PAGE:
“Let me move next to you”

As a licensed mental health counselor I have the honor to be a witness and a companion of many people’s journey and together we have realized that our perspective has a huge impact in relationships. As a human being I have lived difficult moments as well as peaceful moments, depending on the permission I grant myself to dare to look from the perspective of others.  Think about the following sentence: “The worst distance between two people is misunderstanding”. I want to invite you to shorter the distance by getting to know a little more about perception, how it affects our relationships, and what can we do about it.

What is perception?

Perception can be defined as our recognition and interpretation of sensory information. Perception also includes how we respond to the information. We can think of perception as a process where we take in sensory information from our environment and use that information in order to interact with our environment. Perception allows us to take the sensory information in and make it into something meaningful.

Business dictionary defines perception as: “ The process by which people translate sensory impressions into a coherent and unified view of the world around them.  Though necessarily based on incomplete and unverified (or unreliable) information, perception is equated with reality for most practical purposes and guides human behavior in general.”  Definition perception

The stages of perception

The process of perception occurs through the evolving of the following stages:

  1. Stimulation or Selection: We choose the object (situation, person, etc) we want to perceive.
  2. Organization: We arrange the information that we perceive.
  3. Interpretation-Evaluation: We engage in the process of assessing, understanding, and organizing the elements perceived.
  4. Memory: We do not keep all of the information perceived but we recall certain information we want to remember or get stuck in our minds based on multiple factors (personality, history, expectations, etc.)


Factors involved in perception

This process is heavily marked by the unique characteristics of each person and is mainly guided by interpretation.  The way each person interprets depend on multiple variables such as our culture, values, traditions, our experiences from the day we were conceived to the present moment, the conclusions we make based on those experiences, our cognitive style, personality, just to mention a few.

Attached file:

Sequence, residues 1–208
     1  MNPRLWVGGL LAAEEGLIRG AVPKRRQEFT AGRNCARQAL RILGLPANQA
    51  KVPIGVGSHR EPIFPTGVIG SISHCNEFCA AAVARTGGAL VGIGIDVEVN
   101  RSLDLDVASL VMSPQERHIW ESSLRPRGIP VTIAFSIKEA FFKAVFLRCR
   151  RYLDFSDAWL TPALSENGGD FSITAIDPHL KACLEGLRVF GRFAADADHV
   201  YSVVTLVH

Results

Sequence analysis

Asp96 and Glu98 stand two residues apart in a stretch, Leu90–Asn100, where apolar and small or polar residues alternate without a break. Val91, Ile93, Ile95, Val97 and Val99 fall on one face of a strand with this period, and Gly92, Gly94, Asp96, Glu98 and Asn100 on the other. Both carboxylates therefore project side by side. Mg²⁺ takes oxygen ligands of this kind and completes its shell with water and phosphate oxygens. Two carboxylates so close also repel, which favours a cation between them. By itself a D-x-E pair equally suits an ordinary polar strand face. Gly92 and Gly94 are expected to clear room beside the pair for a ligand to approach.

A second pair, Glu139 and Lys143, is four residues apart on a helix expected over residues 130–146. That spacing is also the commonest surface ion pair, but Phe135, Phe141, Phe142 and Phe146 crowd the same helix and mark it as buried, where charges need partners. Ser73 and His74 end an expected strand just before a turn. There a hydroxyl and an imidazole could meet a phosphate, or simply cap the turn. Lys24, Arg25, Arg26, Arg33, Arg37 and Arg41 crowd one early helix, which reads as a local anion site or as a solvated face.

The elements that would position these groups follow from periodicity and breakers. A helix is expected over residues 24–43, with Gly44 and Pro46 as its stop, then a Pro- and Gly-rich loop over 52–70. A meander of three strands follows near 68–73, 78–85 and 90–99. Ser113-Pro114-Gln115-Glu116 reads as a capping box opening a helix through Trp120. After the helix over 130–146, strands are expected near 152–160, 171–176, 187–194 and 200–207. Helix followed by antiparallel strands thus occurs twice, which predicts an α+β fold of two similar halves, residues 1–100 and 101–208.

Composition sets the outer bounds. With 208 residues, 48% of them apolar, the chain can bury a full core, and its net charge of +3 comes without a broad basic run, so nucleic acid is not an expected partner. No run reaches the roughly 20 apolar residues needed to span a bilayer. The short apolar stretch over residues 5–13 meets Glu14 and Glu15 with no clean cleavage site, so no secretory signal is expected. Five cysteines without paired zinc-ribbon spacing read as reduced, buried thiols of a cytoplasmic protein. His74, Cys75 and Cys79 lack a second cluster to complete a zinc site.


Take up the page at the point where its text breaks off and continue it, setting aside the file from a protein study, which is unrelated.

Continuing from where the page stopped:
Is reality what we perceive?  If every person perceives differently, it means that there are different realities?  I would say yes!  Because the way we perceive and move in reality stems from our own unique past experiences.  Look at a glass filled with water half way and tell me: Is it the glass half full or half empty?  Are both statements true?  Yes, both are true!..  And this is what happens at all levels, in our families, at work, in education, politics, etc.  The fight for who has the truth is a lost battle since most beliefs depend with the lenses you choose to see the world.

We make conclusions about reality, relationships, the way the world should be, we interpret and we create paradigms that support our perception of reality.  This is in psychology called “Perceptual Sets”.  A perceptual set is basically a tendency to view things only in a certain way. Perceptual sets can impact how we interpret and respond to the world around us and can be influenced by a number of different factors.

“Perception can also be influenced by an individual’s expectations, motives, and interests. The term perceptual set refers to the tendency to perceive objects or situations from a particular frame of reference. Perceptual sets usually lead us to reasonably accurate conclusions. If they didn’t, we would develop new perceptual sets that were more accurate”
(Hockenbury & Hockenbury, 2008).

This tendency is illustrated in a research where participants were presented with different non-words, such as sael. Those who were told that they would be reading boating-related words read the word as “sail,” while those who were told to expect animal-related words read it as “seal.”  This is one of the many examples that demonstrate   how perceptions are heavily influenced by expectations and prior knowledge. If we expect something to appear in a certain way, we are more likely to perceive it according to our expectations.

When we talk about perception, we can identify the following aspects as underlying the process:

  1. COGNITIVE SCHEMAS: A schema is a cognitive framework or concept that helps organize and interpret information. Schemas can be useful because they allow us to take shortcuts in interpreting the vast amount of information that is available in our environment. However, these mental frameworks also cause us to exclude pertinent information to instead focus only on things that confirm our pre-existing beliefs and ideas. Schemas can contribute to stereotypes and prejudices making difficult to retain new information that does not conform to our established ideas about the world.